In this interview, the CISO of a healthcare payer discusses the identity-defined security strategies that make up zero trust. We’ve left the company and the identification of the CISO anonymous for privacy and security reasons. Thank you for understanding.
Making zero trust part of an organization’s DNA is difficult. See the story of how one CISO is making it happen…
How has the healthcare dimension of your organization affected your construction of zero trust?
Zero trust is one of those areas that we’re starting to tackle head-on. There are diverse components of zero trust.
We are a local state payer, but because of our brand, we need to be able to allow for data interoperability and access from other states and other payers or providers. That’s where it starts to get more complicated…Because we don’t necessarily know a given provider from across the country, we don’t know their identity. Therefore, we need to have trust in the federation that it is set up to allow our systems to be interoperable, and to be able to perform basic inquiries. For example, coverage or pre-authorizations before somebody is able to seek care.
There are also other dimensions to zero trust within the ecosystem…For instance, there’s a completely different philosophy around zero trust for your employees versus zero trust from your customers’ side of things.
Zero trust is tricky. It’s actually one of my least favorite terms, and I think that sentiment is shared amongst my fellow CISOs and security professionals. On some level, zero trust is completely overused, and we really need to talk about ‘what is it that we’re protecting?’ It’s all about data-centric security and at some point in your journey you’ve defined your trust boundaries.
So what does the future look like, in terms of zero trust? What are you hoping for in a year or two?
Our zero trust journey started around identity and data. Therefore, making sure there was MFA (multi-factor authentication) at all of our critical points; bringing in a privileged identity and access management system (PIM/PAM) to make sure that any access to sensitive data, which was elevated above normal access, as well as administration of applications and systems is vaulted through that and PIM/PAM solution.
Then, we began looking to implement levels of micro segmentation and ring fencing of applications and services. Now, we went down this route several years ago, looking for a purely network-based (non agent) approach, and unfortunately it was not successful. The complexity right out of the gate began to show how difficult this would be to manage across two physical datacenters. We’ve since rebooted the project and succumbed to an agent-based approach across our environment, with the hope that, this year, we will be much more successful in our ability to isolate the necessary applications and services across the environment that are required to communicate to each other. As a result, if an endpoint or a system is compromised, we can isolate it -within the network- reducing access to the systems and services that it has access to, and not allowing it to move laterally across the environment.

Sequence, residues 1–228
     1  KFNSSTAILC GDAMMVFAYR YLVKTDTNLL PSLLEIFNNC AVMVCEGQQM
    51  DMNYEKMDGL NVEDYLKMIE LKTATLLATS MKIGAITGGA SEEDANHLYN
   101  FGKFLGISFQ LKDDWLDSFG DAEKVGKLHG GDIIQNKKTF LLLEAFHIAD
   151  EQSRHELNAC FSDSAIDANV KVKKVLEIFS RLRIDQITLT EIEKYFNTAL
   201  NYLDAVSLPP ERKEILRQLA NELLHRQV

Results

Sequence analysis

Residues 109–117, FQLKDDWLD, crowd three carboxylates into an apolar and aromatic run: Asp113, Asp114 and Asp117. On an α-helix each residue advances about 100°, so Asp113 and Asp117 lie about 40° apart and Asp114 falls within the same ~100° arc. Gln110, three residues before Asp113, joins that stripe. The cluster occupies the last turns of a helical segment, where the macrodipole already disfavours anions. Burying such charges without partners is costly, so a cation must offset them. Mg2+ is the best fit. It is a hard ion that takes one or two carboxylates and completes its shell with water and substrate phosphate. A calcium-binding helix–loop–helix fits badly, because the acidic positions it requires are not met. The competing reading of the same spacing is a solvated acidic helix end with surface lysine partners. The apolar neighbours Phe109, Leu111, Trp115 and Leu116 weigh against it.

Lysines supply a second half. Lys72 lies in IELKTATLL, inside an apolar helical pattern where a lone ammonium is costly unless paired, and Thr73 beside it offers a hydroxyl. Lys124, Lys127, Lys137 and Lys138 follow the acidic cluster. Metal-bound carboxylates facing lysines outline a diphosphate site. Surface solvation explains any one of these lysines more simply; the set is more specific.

When it comes to zero trust, and looking further out, there are always new goals to offer as well as a more frictionless user experience– For example, in looking at identity, and going passwordless, security professionals hope to get rid of that friction related to physical passwords and even multi-factor authentication, because we’re starting to see user login fatigue.
However, folks are starting to become a little too complacent when they receive a push notification on their device saying ‘hey, I see that you’re trying to access our service ‘do you want to allow this to happen? Simply press allow…’ If folks aren’t present and aware, they could be authorizing a threat actor who’s trying to leverage stolen credentials.
The easier we make it for folks to stay secure, the better. Again, it’s about finding that balance between ‘how can we, as an organization, remain secure and also make it easy for employees to use systems efficiently at the same time?’
What kind of advice do you have for other cyber security professionals for implementing zero trust?
Make sure you understand what zero trust really means because there are companies that will try and sell you a single zero trust solution that will meet all of your needs and those that you didn’t know you had. I think that’s probably the best advice I can give you — understand exactly what zero trust “actually” means.
Regarding network security and network access, it’s multi-faceted. You have your identity and your network controls then, ultimately, your data controls, which all work in harmony. Know where your crown jewels are and understand the associated threat vectors.
Finally, you must understand your environment and risk tolerance. Do you have endpoints that are connecting into your environment that only have specific applications that they should have access to? There are solutions that are for that. Are you looking to make sure that your data is protected from trusted and untrusted endpoints? Maybe you need to have an identity-centric solution.
There’s not a one size fits all capability. Again, understand your environment, the respective threats associated with it, and make sure you’re focusing in the right area.
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